Tomorrow is the 47th annual Earth Day and here are ways you can celebrate Mother Nature.

Rising Stars 2017: Advocates
On the front lines in a new era

Seven advocates made the CQ Roll Call’s list of Rising Stars of 2017. (Tom Williams/CQ Roll Call)

All this week, CQ Roll Call has been looking at 17 Rising Stars of 2017 — people who will now wield power and influence in a Washington that has been turned upside down by the presidency of Donald Trump.

Some of the names are familiar, others have recently burst on the scene. They include members of Congress, congressional and administration staffers, and advocates.

Republicans Have No Deal on Obamacare Repeal But Talks Continue
Trump: “We are doing very well on health care.”

Rep. Mark Meadows, R-N.C., arrives for a hastily called House Republican caucus meeting after Speaker Ryan canceled the vote on the American Health Care Act of 2017 on Friday, March 24, 2017. (Bill Clark/CQ Roll Call)

House lawmakers are preparing to return to Capitol Hill next week with no deal so far on legislation to repeal the 2010 health care law, but negotiations are continuing as Republicans seek to fulfill their seven-year campaign promise, according to several congressional aides and lobbyists. Lawmakers are expected to discuss the issue in a conference call Saturday.

The White House is pushing for work to continue on efforts to repeal President Barack Obama’s signature health care achievement. House Freedom Caucus Chairman Mark Meadows, R-N.C., and Rep. Tom MacArthur, R-N.J., co-chairman of the moderate Tuesday Group, discussed over the recess a potential amendment that was designed to build support from hesitant lawmakers on both sides of the GOP political spectrum.

Georgia Runoff Will Test Both Parties’ Political Alliances
Parties gearing up for expensive fight in Georgia's 6th District

Karen Handel, seen her in 2014, is uniting the GOP behind her after finishing second in Tuesday’s 18-candidate primary. (Bill Clark/CQ Roll Call File Photo)

ALPHARETTA, Ga. — For a brief moment, Georgia’s 6th District was quiet.

Out-of-state journalists who flooded this suburban battleground headed for the airport Wednesday morning. After a very late Tuesday night, Democrat Jon Ossoff and Republican Karen Handel held no public events in the district the next day. Instead, they gave interviews on cable TV — a reflection of how nationalized this race has become. 

Former NFL Player Colin Allred to Challenge Pete Sessions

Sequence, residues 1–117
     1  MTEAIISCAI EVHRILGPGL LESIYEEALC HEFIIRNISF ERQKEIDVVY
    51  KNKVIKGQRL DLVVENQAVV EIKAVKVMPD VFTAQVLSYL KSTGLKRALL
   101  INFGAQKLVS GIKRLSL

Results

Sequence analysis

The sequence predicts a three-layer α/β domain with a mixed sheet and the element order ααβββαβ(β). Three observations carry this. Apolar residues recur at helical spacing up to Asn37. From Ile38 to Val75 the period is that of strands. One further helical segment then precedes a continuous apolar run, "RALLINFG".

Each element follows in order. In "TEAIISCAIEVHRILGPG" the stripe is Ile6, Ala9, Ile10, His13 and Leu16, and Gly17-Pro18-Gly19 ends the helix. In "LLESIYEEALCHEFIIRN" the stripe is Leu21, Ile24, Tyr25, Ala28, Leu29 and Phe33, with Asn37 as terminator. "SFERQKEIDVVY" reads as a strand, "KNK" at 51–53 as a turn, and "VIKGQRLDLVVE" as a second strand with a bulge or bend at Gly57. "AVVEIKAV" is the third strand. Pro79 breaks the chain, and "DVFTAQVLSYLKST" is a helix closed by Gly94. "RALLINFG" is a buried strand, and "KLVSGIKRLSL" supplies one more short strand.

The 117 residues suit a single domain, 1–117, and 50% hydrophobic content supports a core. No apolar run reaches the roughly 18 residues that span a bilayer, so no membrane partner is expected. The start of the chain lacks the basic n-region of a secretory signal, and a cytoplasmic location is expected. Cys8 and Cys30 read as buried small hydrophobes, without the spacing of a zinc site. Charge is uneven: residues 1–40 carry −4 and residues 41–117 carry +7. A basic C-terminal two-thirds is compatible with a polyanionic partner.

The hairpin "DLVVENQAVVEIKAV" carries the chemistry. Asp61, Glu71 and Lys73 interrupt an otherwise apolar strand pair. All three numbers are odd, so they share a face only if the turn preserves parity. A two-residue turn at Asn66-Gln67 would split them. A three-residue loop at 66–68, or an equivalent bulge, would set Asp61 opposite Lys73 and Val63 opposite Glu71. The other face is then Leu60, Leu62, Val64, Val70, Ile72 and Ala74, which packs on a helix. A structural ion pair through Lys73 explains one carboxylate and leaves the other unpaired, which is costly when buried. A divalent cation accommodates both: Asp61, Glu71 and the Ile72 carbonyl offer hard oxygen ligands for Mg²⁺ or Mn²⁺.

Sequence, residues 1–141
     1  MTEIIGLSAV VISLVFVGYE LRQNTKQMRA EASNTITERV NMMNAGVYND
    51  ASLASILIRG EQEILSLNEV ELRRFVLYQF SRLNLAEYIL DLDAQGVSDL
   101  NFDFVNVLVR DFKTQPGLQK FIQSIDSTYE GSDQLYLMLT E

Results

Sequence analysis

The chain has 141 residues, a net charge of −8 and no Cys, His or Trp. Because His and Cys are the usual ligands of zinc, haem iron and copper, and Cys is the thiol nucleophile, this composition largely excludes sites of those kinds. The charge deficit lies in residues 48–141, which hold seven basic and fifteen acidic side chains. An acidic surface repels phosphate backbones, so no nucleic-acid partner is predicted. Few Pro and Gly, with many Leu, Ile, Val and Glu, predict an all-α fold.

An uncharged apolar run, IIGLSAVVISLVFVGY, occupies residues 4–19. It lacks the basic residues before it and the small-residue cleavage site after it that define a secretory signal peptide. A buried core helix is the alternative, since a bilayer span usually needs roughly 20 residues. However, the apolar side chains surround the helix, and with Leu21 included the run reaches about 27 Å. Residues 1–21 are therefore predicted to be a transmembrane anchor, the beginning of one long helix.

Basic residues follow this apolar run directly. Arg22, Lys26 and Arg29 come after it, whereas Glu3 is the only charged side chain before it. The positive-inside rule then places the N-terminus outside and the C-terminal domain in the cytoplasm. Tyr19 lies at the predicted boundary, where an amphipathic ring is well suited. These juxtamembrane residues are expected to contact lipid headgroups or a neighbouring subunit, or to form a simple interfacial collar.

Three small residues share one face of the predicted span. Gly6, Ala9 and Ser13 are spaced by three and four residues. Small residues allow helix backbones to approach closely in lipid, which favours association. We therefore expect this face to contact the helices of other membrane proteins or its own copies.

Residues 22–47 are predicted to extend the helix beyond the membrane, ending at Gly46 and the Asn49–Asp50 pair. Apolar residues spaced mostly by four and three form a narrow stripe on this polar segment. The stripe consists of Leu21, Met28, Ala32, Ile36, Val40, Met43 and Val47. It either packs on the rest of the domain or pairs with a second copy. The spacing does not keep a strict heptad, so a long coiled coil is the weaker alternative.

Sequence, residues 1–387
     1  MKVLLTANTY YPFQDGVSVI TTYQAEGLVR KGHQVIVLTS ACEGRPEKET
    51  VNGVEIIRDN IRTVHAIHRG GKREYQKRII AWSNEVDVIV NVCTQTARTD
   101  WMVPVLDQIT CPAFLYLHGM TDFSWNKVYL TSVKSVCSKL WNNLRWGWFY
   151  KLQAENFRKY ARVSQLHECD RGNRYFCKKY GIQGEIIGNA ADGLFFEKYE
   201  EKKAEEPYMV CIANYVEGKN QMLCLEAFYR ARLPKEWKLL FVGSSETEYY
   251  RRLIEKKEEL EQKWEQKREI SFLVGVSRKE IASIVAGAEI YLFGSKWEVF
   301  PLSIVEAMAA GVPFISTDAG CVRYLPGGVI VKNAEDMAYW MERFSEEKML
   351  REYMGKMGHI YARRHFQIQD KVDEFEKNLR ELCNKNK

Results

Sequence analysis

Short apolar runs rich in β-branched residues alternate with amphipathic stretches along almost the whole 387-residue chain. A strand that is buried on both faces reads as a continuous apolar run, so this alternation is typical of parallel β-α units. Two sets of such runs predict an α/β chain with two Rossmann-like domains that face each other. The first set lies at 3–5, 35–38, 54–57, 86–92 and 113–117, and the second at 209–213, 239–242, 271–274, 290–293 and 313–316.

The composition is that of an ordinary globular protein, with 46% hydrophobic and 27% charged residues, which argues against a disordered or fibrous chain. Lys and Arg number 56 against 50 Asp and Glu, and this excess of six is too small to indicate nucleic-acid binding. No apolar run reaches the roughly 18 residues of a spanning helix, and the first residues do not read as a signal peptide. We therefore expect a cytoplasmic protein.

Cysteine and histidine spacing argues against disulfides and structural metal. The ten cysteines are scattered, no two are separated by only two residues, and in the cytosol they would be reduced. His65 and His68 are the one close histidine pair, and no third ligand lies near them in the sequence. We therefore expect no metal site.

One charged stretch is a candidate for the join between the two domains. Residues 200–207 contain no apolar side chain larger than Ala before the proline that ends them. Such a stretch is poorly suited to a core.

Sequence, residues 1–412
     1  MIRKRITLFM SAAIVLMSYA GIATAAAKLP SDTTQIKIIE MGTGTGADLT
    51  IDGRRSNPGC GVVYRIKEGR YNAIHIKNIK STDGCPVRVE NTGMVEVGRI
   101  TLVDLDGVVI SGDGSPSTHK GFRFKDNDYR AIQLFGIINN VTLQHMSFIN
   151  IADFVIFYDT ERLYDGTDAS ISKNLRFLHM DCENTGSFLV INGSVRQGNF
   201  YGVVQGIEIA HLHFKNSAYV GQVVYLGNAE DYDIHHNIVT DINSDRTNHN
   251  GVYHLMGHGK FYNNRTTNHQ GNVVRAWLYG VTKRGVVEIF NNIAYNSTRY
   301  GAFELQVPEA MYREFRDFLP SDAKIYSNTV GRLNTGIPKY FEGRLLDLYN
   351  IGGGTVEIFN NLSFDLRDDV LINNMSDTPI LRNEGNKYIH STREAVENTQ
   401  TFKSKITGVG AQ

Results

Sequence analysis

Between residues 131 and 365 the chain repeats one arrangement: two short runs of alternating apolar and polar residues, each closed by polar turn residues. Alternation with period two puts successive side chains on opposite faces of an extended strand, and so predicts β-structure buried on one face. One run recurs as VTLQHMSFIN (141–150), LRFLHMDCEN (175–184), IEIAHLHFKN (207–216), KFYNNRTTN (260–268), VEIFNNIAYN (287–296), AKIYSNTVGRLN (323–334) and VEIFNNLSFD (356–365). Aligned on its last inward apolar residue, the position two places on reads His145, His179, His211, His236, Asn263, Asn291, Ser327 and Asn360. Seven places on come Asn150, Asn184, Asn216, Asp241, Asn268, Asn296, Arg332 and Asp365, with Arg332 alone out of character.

Hillary Clinton won the district in 2016 while Democrats didn’t put up a serious challenger for House

Colin Allred played for the Tennessee Titans in the NFL before serving as a special assistant at the Department of Housing and Urban Development during the Obama administration under Secretary Julian Castro, a former mayor of San Antonio. (colinallred.com)

Former NFL linebacker Colin Allred announced Wednesday he would challenge Texas Rep. Pete Sessions in 2018.

Allred, now a civil rights attorney, told the Dallas Morning News that he was inspired by the grassroots energy he saw after the election of President Donald Trump last year.

Word on the Hill: 4/20
Professional development opportunities today

Pro-marijuana advocates rally near the White House in April 2016, with some carrying a 51-foot inflated marijuana joint. (Bill Clark/CQ Roll Call file photo)

DCMJ is hosting its first ever cannabis giveaway today, also known as a #JointSession, in honor of 4/20 or as some consider it, National Weed Day.

All members of Congress, staffers, journalists, support staff, and interns are invited to get a free joint starting at “high noon” at the corner of First St. and Constitution Ave. NE. You just need to be 21 years old or older and present a valid congressional ID.

Podcast: Troubled Climate for Trump’s First Earth Day
The Big Story, Episode 50

President Donald Trump is moving on several fronts to deregulate environmental protection, prompting some states to intervene. But deep EPA budget cuts will get tamed by Congress, and the U.S. might stay with the Paris climate accord; even business leaders and conservative voters worry the anti-green push has gone too far, CQ Roll Call’s Mike Magner and Jeremy Dillon explain.

Jon Ossoff, Karen Handel Advance to Runoff in Georgia Special Election
Democrat Ossoff falls short in bid to win race outright Tuesday

Democrat Jon Ossoff and Republican Karen Handel will meet in the June runoff. (Photos by Bill Clark/CQ Roll Call)

ATLANTA — With Tuesday turning into Wednesday, Democrat Jon Ossoff has fallen short of the majority needed to win outright in the Georgia special election primary and is headed for a June runoff against Republican Karen Handel.

With 88 percent of precincts reporting, Ossoff had 48 percent to Handel’s 20 percent in the 18-candidate field in the 6th District, The Associated Press reported.